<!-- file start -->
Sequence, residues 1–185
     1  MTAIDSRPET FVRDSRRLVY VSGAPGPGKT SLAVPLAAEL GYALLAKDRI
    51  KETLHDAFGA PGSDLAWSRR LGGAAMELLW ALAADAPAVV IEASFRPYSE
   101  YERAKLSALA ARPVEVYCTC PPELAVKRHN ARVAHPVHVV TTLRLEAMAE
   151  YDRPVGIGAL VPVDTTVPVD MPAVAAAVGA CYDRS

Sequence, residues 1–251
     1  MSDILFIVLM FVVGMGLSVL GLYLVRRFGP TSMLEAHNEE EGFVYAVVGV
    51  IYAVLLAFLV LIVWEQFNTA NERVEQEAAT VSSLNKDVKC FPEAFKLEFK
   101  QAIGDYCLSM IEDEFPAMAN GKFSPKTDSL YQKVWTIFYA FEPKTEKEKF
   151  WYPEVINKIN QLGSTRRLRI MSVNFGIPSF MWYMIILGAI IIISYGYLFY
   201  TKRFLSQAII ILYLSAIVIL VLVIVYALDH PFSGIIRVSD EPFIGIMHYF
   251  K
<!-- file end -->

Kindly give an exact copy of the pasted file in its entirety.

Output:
Sequence, residues 1–185
     1  MTAIDSRPET FVRDSRRLVY VSGAPGPGKT SLAVPLAAEL GYALLAKDRI
    51  KETLHDAFGA PGSDLAWSRR LGGAAMELLW ALAADAPAVV IEASFRPYSE
   101  YERAKLSALA ARPVEVYCTC PPELAVKRHN ARVAHPVHVV TTLRLEAMAE
   151  YDRPVGIGAL VPVDTTVPVD MPAVAAAVGA CYDRS

Sequence, residues 1–251
     1  MSDILFIVLM FVVGMGLSVL GLYLVRRFGP TSMLEAHNEE EGFVYAVVGV
    51  IYAVLLAFLV LIVWEQFNTA NERVEQEAAT VSSLNKDVKC FPEAFKLEFK
   101  QAIGDYCLSM IEDEFPAMAN GKFSPKTDSL YQKVWTIFYA FEPKTEKEKF
   151  WYPEVINKIN QLGSTRRLRI MSVNFGIPSF MWYMIILGAI IIISYGYLFY
   201  TKRFLSQAII ILYLSAIVIL VLVIVYALDH PFSGIIRVSD EPFIGIMHYF
   251  K